When the world is falling apart (or at least it feels like it) and you are struggling to find ways to make money, one of the first principles is to identify compelling secular trends that can last years, find the best ways to play then, then take your position and hold on tight.
I am not a big fan of buy-and-hold at the moment, since that strategy has returned you nothing when applied to a diversified portfolio or index fund. But at any time there are one or two long-term secular trends on which you can capitalize, regardless of what the markets do.
Every decade has its theme investment. The 1980s were the restructuring of the industrial companies. The 1990s were all things tech. The 2000s were smartphones and gold. A sizeable investment in any of these trends paid off with multi-bagger returns. So why not identify the theme of the teens and get on board?
I am convinced that natural gas the story of the teens. But you won't win by playing the commodity on either side, rather you need to find the beneficiaries of sustainably low natural gas prices and invest in them for the next five to seven years. In previous posts I have identified key beneficiaries of low natgas to be companies that make technologies to capture the economic benefits. For instance, engines that run on natural gas are going to boom and companies like Westport Innovations (WPRT) can exploit the trend.
Unique oilfield services companies can also benefit, as fracking is not going away and will actually expand around the world from just the U.S. and Canada. Two interesting Canadian stocks are Poseidon Concepts, which makes frack water tanks and yields 8% and GASFRAC Energy Services, which has a cleaner and more efficient fracking technology that uses propane and butane rather than water and sand.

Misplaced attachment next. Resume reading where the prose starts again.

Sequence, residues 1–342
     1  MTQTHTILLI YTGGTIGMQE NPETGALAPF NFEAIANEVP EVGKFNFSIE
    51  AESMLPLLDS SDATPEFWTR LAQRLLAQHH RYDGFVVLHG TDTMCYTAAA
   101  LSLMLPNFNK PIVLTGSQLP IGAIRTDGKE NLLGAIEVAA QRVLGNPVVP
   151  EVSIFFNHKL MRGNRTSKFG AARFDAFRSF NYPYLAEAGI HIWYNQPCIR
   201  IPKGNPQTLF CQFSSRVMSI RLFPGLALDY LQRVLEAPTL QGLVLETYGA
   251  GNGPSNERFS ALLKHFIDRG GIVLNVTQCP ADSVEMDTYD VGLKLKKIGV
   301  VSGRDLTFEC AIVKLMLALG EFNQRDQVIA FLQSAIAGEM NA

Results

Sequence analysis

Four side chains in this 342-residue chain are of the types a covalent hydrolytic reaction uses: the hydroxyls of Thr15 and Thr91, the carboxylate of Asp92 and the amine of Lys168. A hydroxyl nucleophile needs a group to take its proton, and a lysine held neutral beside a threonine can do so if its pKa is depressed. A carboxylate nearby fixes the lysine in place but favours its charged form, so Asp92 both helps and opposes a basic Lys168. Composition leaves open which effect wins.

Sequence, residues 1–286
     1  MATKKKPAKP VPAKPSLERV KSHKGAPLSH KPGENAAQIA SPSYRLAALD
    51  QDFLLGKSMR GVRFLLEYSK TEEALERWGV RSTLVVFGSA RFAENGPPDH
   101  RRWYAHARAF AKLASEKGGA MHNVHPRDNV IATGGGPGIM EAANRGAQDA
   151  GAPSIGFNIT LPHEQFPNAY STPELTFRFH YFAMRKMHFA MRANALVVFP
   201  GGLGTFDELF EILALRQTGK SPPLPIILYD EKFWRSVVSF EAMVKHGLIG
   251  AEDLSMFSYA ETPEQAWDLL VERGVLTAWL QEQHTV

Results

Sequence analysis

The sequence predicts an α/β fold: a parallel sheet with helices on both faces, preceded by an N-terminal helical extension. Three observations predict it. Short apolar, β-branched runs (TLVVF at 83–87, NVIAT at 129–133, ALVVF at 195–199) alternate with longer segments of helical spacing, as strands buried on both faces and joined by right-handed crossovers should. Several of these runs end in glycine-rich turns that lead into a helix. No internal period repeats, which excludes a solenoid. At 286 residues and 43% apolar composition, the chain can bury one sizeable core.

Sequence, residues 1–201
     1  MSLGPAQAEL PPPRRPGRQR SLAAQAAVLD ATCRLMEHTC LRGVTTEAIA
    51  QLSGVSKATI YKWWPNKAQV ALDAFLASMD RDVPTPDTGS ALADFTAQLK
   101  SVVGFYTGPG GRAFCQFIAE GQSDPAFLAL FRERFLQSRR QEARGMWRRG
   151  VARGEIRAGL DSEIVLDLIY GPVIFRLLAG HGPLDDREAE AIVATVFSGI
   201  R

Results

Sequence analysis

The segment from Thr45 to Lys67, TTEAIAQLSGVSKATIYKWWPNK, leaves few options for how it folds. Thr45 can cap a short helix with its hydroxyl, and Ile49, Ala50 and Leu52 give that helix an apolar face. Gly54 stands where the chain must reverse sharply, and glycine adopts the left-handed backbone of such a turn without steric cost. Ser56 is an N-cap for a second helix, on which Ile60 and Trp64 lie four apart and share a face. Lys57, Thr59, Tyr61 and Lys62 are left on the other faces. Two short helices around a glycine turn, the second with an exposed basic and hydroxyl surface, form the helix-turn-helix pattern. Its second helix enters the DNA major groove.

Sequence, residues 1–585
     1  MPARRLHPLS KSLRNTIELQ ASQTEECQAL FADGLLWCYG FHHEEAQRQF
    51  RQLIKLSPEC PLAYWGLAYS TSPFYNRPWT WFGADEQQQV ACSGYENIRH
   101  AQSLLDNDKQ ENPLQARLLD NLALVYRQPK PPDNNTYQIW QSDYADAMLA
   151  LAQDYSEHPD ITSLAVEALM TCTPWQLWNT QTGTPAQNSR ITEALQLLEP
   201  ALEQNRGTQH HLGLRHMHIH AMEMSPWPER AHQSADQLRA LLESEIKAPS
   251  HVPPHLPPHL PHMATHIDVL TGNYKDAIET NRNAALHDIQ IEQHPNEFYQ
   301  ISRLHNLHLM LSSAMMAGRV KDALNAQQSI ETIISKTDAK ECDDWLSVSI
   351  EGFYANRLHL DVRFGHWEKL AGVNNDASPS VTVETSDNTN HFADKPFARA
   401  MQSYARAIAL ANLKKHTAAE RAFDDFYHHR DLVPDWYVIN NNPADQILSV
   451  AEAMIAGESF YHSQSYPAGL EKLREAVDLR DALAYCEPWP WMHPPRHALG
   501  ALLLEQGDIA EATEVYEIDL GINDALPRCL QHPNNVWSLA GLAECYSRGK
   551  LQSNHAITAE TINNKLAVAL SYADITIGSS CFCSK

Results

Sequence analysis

My catalyst for writing about King Gas was a small news item that missed the radar screens of nearly all investors, but to me practically screams about the business model and technology changes that will be wrought by low natgas prices. There is a development stage biofuel company based in Chicago called Coskata that is private and unknown to most of the world, but is highly visible and followed closely in biofuel circles. Coskata is going into commercial production with technology to produce ethanol from cellulosic feedstocks, such as wood. (Their first plant was to open in the piney woods of Alabama in 18 months.)
Last week this future leader in renewable fuels made a shocking announcement. Their first "several" plants will use natural gas as the feedstock rather than biomass. Think about it. The economics of natgas are so compelling, the company is abandoning renewable feedstock and going with fossil feedstock. As the CEO told Biofuels Digest, "(t)he sea of natural gas is almost a problem, leading to historic price dislocation and a level of availability that has not been seen for a long time. With our technology, it will give us a lower ethanol cost on a per gallon basis, and a remarkably lower capital cost ..." Interestingly, if natgas can be converted to ethanol on a cost-competitive basis, the problems associated with the use of natgas in on-road vehicles are much closer to being solved. One of the risks to names such as Westport is that there is no good nationwide distribution infrastructure for natgas.
Coskata is only the first of what I believe will be many announcements from companies, public and private, that are figuring out how to make the compelling economics of $3 natgas work in their favor. I foresee a decade of disruptive technologies and business models, similar to what personal computers did in the 1980s or the internet did in the 1990s. Get on board for the (natgas-powered) ride.